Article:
World Journal of Surgery

, Volume 34, Issue 2, pp 353–361

Development and Evaluation of an Observational Tool for Assessing Surgical Flow Disruptions and Their Impact on Surgical Performance

  • Sarah E. Henrickson Parker
  • Aaron A. Laviana
  • Rishi K. Wadhera
  • Douglas A. Wiegmann
  • Thoralf M. SundtIII

DOI: 10.1007/s00268-009-0312-z

Cite this article as:
Parker, S.E.H., Laviana, A.A., Wadhera, R.K. et al. World J Surg (2010) 34: 353. doi:10.1007/s00268-009-0312-z



Many researchers have previously explored the correlation between surgical flow disruptions and adverse events in cardiac surgery; however, there is no reliable tool to prospectively categorize surgical flow disruptions and the conditions that predispose a surgical team to adverse events.


Two independent raters of different medical and human factors expertise observed 12 cardiovascular operations and iteratively designed a surgical flow disruption tool (SFDT) to characterize surgical flow disruptions and the latent factors that contribute to adverse events. Categories to characterize surgical flow disruptions were created based on human factors models of human error. After the design period, both raters observed ten surgical cases using the tool to assess validity and inter-rater reliability.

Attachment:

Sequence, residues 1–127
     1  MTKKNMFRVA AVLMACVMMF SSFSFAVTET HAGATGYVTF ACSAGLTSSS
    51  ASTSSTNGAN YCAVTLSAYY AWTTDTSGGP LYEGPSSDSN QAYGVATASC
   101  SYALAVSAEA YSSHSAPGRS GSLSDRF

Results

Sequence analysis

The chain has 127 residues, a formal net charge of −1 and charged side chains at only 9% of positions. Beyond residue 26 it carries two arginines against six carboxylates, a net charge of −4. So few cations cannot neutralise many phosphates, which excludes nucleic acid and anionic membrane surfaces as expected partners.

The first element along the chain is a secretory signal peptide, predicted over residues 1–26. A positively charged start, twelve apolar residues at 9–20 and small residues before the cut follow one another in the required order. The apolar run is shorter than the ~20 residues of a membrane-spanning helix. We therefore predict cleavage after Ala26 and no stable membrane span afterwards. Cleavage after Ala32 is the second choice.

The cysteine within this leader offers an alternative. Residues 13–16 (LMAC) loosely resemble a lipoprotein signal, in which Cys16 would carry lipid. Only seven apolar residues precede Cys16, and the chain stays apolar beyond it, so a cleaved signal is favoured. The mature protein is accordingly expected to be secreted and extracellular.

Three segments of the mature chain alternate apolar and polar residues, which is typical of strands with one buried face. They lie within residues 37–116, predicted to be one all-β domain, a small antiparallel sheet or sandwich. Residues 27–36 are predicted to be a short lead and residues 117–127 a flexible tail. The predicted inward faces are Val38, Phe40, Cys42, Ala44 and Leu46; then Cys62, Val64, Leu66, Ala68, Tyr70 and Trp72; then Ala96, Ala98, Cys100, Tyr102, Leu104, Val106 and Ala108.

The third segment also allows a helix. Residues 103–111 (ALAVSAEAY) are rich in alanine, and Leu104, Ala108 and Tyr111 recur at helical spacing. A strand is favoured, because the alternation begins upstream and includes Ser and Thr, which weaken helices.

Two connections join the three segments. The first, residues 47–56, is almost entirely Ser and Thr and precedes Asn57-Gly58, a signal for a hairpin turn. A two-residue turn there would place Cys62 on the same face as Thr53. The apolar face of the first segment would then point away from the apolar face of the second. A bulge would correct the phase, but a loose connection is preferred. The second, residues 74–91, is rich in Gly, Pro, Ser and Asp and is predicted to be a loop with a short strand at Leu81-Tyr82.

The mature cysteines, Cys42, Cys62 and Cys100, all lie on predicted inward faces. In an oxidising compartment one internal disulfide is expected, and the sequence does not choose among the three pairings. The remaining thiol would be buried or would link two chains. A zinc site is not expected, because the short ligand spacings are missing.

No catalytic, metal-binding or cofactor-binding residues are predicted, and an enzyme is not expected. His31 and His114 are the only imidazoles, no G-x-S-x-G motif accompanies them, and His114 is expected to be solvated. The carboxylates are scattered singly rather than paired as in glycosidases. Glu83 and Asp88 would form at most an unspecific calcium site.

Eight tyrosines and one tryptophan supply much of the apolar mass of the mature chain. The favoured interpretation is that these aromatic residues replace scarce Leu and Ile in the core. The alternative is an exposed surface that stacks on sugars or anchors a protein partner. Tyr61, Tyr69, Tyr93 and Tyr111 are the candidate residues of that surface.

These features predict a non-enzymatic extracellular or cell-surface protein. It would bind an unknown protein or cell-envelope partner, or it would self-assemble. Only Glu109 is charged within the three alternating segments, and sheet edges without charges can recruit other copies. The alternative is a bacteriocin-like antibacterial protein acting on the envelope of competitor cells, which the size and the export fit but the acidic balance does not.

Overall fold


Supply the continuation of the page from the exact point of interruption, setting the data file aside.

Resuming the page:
Rating agreement (weighted kappa) for each category across the ten surgeries was moderate to very high, resulting in strong inter-rater reliability for each category on the surgical flow disruption tool. Use of the SFDT was simple and clear for observers of diverse backgrounds, including human factors experts and medical personnel.


This research depicts the development and utility of a tool to analyze surgical flow disruptions in the cardiovascular operating room with satisfactory inter-rater reliability. This tool is an important first step in systematically categorizing and measuring surgical flow disruptions and their impact on patient safety in the operating room.

Copyright information

© Société Internationale de Chirurgie 2009

Authors and Affiliations

  • Sarah E. Henrickson Parker
    • 1
  • Aaron A. Laviana
    • 2
  • Rishi K. Wadhera
    • 3
    • 4
  • Douglas A. Wiegmann
    • 5
  • Thoralf M. SundtIII
    • 6
  1. 1.School of Psychology, College of Life Sciences and Medicine, Kings CollegeUniversity of AberdeenAberdeenScotland, UK
  2. 2.Georgetown University School of MedicineWashingtonUSA
  3. 3.Institute of Public Health, School of Clinical MedicineUniversity of CambridgeCambridgeUK
  4. 4.Mayo Medical School, Mayo ClinicRochesterUSA
  5. 5.Department of Industrial and Systems EngineeringUniversity of Wisconsin-MadisonMadisonUSA
  6. 6.Division of Cardiovascular SurgeryMayo ClinicRochesterUSA